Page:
through contact with nature. Despite divergent contexts and political ideologies, youth camp development in
this period constituted a set of practices in which the natural environment was deployed to improve the nations
youth, and to eventually reproduce them as governable subjects.
Keywords: camps
governmentality
interwar Germany
interwar United States
youth movements
Introduction
O
n 11 October 1913, more than two thousand young Germans came together on the
Hohe Mei
ner hills near Kassel to set up camp. This event, which became famous under
the name Erste Freideutsche Jugendtag (‘first free German youth day’) brought together members
of a variety of youth movements, all of which had emerged over the previous two decades.
One of the main organizers was the Wandervogel migratory movement (‘bird’), an association
of bourgeois youth from Steglitz near Berlin, which had begun to undertake regular hiking
and camping trips in the nearby region. Officially established in 1901, it rapidly instigated a
nationwide movement of splintering and heterogeneous groups, loosely united by the idea of
an unbound experience of nature, and by a critical attitude towards what they saw as the
cultural problems of adult society.
1
Situated in the context of bourgeois anxieties in a
rapidly urbanizing and industrializing nation, this ‘back to nature’ impulse was not necessarily
reactionary: it was conceived as a search for a new modern and more authentic German
culture.
2
The sites for this spiritual search were the nations natural and historic landscapes, yet
it was the organized collective camping trip – symbolized by the Hohe Mei
ner gathering – that
cultural geographies 2008 15: 173–205
© 2008 SAGE Publications 10.1177/1474474007087498

174
cultural geographies 15(2)
provided the means to experience there. As such, youth came to be cast as the vanguard of
a more ‘natural’ national culture that would reform German society.
Around the time German youth movements established a camping tradition, youth camps
in the United States emerged within an entirely different context. After his travel to Britain
where he learned of the British scouting movement, Chicago publisher W.D. Boyce founded
the Boy Scouts of America in 1909 with the support of the YMCA.
3
Like the British, the
American youth camps had an immediate success and quickly became the essential means to
attain the movement’s objectives – individual character building, citizenship training and self-
improvement.
4
Already in 1908 Baden-Powell called the Scout movement ‘a school of
citizenship through woodcraft.
5
At this time however, taking youth into the outdoors was
not an entirely new practice in the United States: YMCA camping trips, as well as private
summer camps – notably in New Hampshire – had been organized since the mid-1880s.
6
Their organizers were motivated by the desire to remove children from the perceived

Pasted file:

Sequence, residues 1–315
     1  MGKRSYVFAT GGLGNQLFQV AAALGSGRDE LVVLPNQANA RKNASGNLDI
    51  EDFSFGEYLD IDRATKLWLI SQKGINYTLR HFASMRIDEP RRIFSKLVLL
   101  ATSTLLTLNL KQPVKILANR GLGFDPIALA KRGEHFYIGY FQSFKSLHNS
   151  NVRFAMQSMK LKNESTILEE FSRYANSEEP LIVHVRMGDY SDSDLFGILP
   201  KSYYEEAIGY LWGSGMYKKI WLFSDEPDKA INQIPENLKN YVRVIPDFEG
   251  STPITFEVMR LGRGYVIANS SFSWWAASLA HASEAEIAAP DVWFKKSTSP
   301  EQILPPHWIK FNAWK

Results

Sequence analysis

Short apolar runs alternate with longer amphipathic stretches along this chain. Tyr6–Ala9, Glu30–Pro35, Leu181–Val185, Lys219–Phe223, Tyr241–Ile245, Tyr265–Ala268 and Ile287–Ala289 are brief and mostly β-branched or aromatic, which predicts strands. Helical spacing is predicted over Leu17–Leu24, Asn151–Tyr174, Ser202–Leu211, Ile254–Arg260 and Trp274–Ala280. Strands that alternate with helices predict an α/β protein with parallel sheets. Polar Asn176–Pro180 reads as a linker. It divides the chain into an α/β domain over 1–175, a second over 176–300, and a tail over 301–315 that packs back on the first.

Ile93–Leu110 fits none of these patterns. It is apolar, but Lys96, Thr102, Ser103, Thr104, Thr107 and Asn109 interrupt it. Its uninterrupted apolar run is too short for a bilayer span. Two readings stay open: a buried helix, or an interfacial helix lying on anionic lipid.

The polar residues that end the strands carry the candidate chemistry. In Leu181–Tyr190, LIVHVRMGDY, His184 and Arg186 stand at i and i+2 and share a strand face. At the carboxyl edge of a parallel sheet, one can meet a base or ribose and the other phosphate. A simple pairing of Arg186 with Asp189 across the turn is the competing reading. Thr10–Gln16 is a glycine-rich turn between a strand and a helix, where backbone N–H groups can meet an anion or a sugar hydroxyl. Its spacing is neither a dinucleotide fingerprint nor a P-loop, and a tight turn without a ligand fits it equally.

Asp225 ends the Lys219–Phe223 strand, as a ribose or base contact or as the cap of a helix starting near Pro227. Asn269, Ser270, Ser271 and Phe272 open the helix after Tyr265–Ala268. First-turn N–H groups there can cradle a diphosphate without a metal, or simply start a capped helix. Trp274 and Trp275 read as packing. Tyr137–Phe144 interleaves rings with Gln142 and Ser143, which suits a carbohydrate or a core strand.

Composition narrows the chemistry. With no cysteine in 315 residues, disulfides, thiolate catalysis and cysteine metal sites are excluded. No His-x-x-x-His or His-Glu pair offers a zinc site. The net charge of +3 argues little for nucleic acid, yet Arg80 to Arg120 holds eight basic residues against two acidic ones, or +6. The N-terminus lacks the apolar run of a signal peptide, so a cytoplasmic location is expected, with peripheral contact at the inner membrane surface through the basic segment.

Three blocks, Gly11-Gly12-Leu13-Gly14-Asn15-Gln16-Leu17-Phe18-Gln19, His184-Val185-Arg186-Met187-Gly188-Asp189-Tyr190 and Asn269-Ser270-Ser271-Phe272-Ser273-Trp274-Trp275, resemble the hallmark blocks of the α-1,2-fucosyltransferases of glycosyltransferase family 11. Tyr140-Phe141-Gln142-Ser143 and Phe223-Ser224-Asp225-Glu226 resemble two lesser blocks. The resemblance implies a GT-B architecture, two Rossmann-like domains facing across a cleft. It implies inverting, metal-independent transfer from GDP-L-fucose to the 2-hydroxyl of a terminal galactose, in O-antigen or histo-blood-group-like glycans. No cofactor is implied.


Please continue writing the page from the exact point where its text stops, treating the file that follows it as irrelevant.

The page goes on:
dangers and ‘moral corruption of the city, a theme that continued to guide them throughout
the Progressive Era.
7
Nevertheless, with the enormous popularity of the Boy Scouts of
America, a different motivation gained prominence, one that was supported by a novel rhet-
oric of generosity and generality: ‘The great aim of the Boy Scouts of America is to make
every boy scout a better citizen. It aims to touch him physically – in the campcraft and wood-
craft of the outdoor life in order that he may have strength in after days to give the best he
has to the city and community in which he lives, as well as to the nation of which he is a
part.
8
For the millions of participating young individuals, the activities of the youth camp –
hiking, putting up tents, preparing food in the open, playing games, listening to camp fire
stories, trails and so on – offered unabashed excitement and adventure away from school and
parents.
These brief episodes demonstrate the variety of ideologies and contexts that led different
national youth organizations at the beginning of the 20th century to collectively venture into
nature. Why were these groups attracted to experiences of nature? Which forms of subjectiv-
ity and collectivity did these experiences invoke? And how did this affect the relationship
between youth and the larger society of which they were a part? In spite of the ubiquity and
triviality of youth camps in contemporary culture, I aim to reveal its historical and theoretical
significance. In this article, I will argue not only that camps play a crucial role in the ways in
which national societies have dealt with their youth, but also that this ubiquitous activity forces
us to rethink relations between place-making, nationhood, and modern governing.
Despite important points of divergence, national youth movements across the Atlantic
were held together by a common set of social activities, many of which revolved around the
experience of the youth camp. Through common practices such as hiking, scouting and
setting up camp in the natural landscape, these voluntary associations – established on a
national scale and gradually under the aegis of the state – linked meanings of adolescence
and youthfulness to experiences of nature, while evoking feelings of community, nation
and/or citizenship. Rather than re-examine the nationalist ideology and nation-building pur-
poses of these youth movements, however, this article focuses instead on the role of their
spatial techniques and methods. Specifically, I am concerned with the social practice and the
designs of youth camps, as they provided the framework for the central formative experi-
ence of youth across the Atlantic. By comparatively examining the development of German

Cupers: Governing through nature
175
and US youth camps in the period between the world wars, I aim to understand the con-